Deaf Dog

Tips For A Dog That Has Lost Its Hearing


Thanks to guest author Lisa Fimberg of Petpav

Dog Looking at and Listening to a Phonograph, “His Master’s Voice”, The Original RCA Music Puppy Dog Logo Symbol for Advertising (Photo credit: Beverly and Pack)


My friend, Wanda, has a dog named Poggibonsi (one our of our beloved Petpav members) that recently lost her hearing.  Her loss of hearing was gradual and Poggibosni was at first confused.  Yet, after her parents learned how to communicate with her, it eased her anxiety.

As we all know, it is so hard to watch our dogs age and become less responsive to us and their environment.  It’s even harder when we have trouble communicating with them especially as they lose their hearing.

Below are some ways to help you and your dog communicate and be fulfilled even without their hearing.

Communicate with your hands


Try to communicate with your hands.  You can point things out to your dog when it is time to eat.  You can also show your dogs his or her leash when you plan to take your dog out.  It might take a little time to get used to communicating with your hands, but our pups are smart and will learn hand signals in a short time.  Practice and patience is key and the more hand signals you can use to communicate, the better.

Use touching as a way of communication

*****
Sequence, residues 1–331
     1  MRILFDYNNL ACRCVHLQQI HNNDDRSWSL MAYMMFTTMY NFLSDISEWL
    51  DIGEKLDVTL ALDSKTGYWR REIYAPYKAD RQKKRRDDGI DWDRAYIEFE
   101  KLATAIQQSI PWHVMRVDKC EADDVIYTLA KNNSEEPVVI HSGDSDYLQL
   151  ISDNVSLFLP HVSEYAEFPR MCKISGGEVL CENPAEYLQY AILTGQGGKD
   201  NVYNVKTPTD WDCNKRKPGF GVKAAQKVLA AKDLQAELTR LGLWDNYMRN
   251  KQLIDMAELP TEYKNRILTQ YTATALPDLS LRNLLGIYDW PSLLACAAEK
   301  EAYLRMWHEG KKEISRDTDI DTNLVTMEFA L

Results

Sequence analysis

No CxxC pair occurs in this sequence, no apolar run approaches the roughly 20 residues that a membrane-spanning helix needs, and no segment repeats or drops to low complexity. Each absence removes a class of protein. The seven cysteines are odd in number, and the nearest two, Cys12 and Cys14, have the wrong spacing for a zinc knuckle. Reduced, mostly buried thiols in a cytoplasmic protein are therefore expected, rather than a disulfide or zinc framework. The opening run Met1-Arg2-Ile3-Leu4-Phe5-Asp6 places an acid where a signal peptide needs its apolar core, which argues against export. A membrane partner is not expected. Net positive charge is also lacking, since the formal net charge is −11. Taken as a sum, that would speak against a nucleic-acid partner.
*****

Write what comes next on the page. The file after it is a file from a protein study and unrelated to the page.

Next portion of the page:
You can touch your dog and then use your hand signals.  If you need to make a point, touch or pet your dog (preferably from the front so you don’t scare your pup or a light touch to his back) and then gesture with your hands what needs to be done.   If your dog is sleeping, you can even tap next to him as he should feel the sound vibrations.    And, of course, pet your older dog often as your dog ages as a sign of love and caring; this is a scary time for him as he transitions into old age.

Buy a disaster whistle

Buy a disaster whistle and use it to condition your dog as a means of communication.   Even deaf dogs tend to hear this high pitched whistle.   You can train your dog that this is a good sound and a way to communicate.  When you blow the whistle, pair it with some rewards or treats, so when your dog comes to you and can associate the sound as a positive experience.  This means of communication can be very important if your dog gets out and can’t hear you calling his name.

Make your house manageable for a deaf dog

Try to manage your house to prevent situations that might cause accidents due to your dog’s lack of hearing and response.   Just think of your dog as a puppy and a lot of the things or sounds he might encounter could seem new and be a potential threat.   If you have more than one pet, you might want to separate them when you aren’t home.  The other pet or pets might not be sensitive to your deaf dogs needs and unintentionally hurt him or her.

Be extra cautious when you take your dog out

When you take your dog out for a walk, make sure not to let him or her off-leash.  Your dog might not hear oncoming cars, a barking dog or other outside noises or threats.  Your dog further might not notice approaching bikes or runners so keep an eye and ear out for your pup.  If you decide to go to a dog park, supervise your dog and make sure that the playing doesn’t get rough.

(Photo credit: Wikipedia)


As our dogs get older, just like humans, we need to be more gentle, understanding and patient.   It is so hard to watch our pets’ age, but we can help them live a long, fulfilling life.

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This article is posted and shared through the courtesy of the Pet Articles Blog.